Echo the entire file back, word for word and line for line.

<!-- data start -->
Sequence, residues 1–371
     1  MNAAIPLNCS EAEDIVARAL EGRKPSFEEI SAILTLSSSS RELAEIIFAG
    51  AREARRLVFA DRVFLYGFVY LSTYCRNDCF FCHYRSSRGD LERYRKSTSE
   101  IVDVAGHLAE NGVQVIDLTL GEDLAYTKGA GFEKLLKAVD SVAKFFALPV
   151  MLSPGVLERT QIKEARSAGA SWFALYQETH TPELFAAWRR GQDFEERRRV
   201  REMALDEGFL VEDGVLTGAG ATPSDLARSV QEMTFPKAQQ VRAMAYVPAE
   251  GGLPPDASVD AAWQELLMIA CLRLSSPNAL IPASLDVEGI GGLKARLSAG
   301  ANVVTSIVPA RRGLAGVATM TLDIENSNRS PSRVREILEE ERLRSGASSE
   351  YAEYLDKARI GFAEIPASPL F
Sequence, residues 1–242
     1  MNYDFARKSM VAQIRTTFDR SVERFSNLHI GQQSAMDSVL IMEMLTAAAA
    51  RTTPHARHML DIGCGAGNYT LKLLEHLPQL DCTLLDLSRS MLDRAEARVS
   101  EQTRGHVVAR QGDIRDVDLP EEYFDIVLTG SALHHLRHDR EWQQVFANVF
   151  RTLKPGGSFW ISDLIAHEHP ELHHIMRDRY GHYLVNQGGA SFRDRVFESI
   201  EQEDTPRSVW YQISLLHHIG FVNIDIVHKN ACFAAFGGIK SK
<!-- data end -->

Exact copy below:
Sequence, residues 1–371
     1  MNAAIPLNCS EAEDIVARAL EGRKPSFEEI SAILTLSSSS RELAEIIFAG
    51  AREARRLVFA DRVFLYGFVY LSTYCRNDCF FCHYRSSRGD LERYRKSTSE
   101  IVDVAGHLAE NGVQVIDLTL GEDLAYTKGA GFEKLLKAVD SVAKFFALPV
   151  MLSPGVLERT QIKEARSAGA SWFALYQETH TPELFAAWRR GQDFEERRRV
   201  REMALDEGFL VEDGVLTGAG ATPSDLARSV QEMTFPKAQQ VRAMAYVPAE
   251  GGLPPDASVD AAWQELLMIA CLRLSSPNAL IPASLDVEGI GGLKARLSAG
   301  ANVVTSIVPA RRGLAGVATM TLDIENSNRS PSRVREILEE ERLRSGASSE
   351  YAEYLDKARI GFAEIPASPL F
Sequence, residues 1–242
     1  MNYDFARKSM VAQIRTTFDR SVERFSNLHI GQQSAMDSVL IMEMLTAAAA
    51  RTTPHARHML DIGCGAGNYT LKLLEHLPQL DCTLLDLSRS MLDRAEARVS
   101  EQTRGHVVAR QGDIRDVDLP EEYFDIVLTG SALHHLRHDR EWQQVFANVF
   151  RTLKPGGSFW ISDLIAHEHP ELHHIMRDRY GHYLVNQGGA SFRDRVFESI
   201  EQEDTPRSVW YQISLLHHIG FVNIDIVHKN ACFAAFGGIK SK